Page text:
There’s a lot of stuff happening in the human gut!
Dennis Wolan, an assistant professor in The Scripps Research Institute’s department of molecular and experimental medicine, is working with the microbiotic enzymes to better understand our bodies and hopefully treat disease.
Dr. Dennis Wolan received his Ph.D. from The Scripps Research Institute in X-ray crystallography and performed his postdoctoral research at the University of California, San Francisco in small molecule discovery and design. Since his return to The Scripps Research Institute, Dr. Wolan’s research has focused on understanding the roles that commensal microbiome bacterial proteins play in human health and disease, and to apply this knowledge towards the development of innovative antimicrobial chemical and biological therapies.
We are covered from head to toe with a diverse network of organisms, including bacteria, fungi, and their viruses. This group of organisms is termed the “microbiome” and the best-characterized community of our resident microbes is located within the large intestine.
The gut microbiome is essential for human health because it provides nutrients from the food that we eat as well as making essential vitamins that we absorb. Luckily, though, it does’t digest ourselves. s
Our ability to understand the importance of the microbiome is just beginning and is essential for biomedical research, as it has been established that alterations in bacterial populations within a microbiome can result in the onset of diseases, such as obesity, malnutrition, inflammatory bowel diseases, and cancer.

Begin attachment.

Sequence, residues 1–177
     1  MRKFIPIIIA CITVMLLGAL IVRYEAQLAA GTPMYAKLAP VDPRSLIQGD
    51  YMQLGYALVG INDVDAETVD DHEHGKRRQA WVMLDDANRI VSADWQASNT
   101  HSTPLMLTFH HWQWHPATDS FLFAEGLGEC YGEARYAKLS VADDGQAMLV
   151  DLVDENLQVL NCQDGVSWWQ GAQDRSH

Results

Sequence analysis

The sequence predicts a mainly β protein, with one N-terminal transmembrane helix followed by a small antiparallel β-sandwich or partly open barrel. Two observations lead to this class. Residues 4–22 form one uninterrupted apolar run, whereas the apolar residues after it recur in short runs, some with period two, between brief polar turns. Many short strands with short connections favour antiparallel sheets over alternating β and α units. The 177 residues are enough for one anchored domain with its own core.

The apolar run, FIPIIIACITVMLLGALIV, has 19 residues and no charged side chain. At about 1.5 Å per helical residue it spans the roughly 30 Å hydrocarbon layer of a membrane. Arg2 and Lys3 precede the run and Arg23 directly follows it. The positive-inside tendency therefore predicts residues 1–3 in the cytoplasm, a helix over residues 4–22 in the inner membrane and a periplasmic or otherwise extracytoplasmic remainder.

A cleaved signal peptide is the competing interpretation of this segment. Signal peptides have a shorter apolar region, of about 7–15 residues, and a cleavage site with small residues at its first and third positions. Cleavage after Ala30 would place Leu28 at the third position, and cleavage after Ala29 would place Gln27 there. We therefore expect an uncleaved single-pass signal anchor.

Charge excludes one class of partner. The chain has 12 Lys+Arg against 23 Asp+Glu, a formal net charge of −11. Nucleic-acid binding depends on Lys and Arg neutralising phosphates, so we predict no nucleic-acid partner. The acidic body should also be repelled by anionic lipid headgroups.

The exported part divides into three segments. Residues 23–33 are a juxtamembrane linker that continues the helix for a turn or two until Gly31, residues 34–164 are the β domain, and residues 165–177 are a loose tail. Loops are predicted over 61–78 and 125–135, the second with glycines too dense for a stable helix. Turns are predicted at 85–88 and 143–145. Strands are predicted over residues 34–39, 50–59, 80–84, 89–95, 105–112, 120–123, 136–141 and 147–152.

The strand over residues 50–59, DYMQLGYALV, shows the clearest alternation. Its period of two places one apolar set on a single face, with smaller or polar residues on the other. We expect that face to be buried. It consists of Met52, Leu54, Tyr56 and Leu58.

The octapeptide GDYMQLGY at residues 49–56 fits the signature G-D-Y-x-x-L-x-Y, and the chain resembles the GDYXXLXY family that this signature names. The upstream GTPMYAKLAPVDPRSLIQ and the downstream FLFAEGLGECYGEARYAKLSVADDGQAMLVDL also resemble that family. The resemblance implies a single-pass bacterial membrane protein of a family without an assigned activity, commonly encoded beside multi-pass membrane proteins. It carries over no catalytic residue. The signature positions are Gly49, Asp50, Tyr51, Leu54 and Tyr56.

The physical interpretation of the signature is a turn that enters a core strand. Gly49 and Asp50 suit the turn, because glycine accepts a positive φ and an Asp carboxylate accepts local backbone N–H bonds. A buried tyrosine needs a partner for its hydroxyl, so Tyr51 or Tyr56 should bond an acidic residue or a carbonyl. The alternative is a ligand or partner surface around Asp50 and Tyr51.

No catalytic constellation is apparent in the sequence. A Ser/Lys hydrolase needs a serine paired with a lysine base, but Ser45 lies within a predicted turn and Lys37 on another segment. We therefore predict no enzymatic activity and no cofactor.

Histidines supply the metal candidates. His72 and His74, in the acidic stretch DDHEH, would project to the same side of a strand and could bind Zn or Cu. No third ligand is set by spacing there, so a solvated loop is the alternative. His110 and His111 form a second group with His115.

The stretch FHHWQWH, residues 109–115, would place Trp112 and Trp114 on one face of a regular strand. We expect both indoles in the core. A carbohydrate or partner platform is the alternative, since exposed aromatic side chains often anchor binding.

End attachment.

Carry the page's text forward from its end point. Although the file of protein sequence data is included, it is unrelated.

My laboratory focuses on the enzymes that the microbiome communities manufacture. We want to first determine if microbiomes of different people produce similar or different varieties of enzymes as the types of bacteria that make up an individual’s gut microbiome is unique, like a fingerprint.
We also want to understand the biological role bacterial enzymes have within our intestinal tract as well as what happens to these enzymes in diseased states.
To accomplish these tasks, we develop molecules that act as magnets to isolate particular classes of bacterial enzymes from human microbiome samples. We make different classes of molecules that are capable of recognition by specific types of enzymes that are then applied to survey microbiomes.
We use this small molecule isolation technique in combination with several scientific instruments and computational programs that allow us to identify which bacteria produce the enzymes our molecules magnetize to. Importantly, these tools allow us to also measure the amount of particular enzymes between microbiomes of different people or diseases.
Ultimately, our goal is to develop a set of valuable chemical tools to help understand microbiome biology as well as employ our methods to identify potential therapeutic targets to combat or protect against microbiome-related diseases.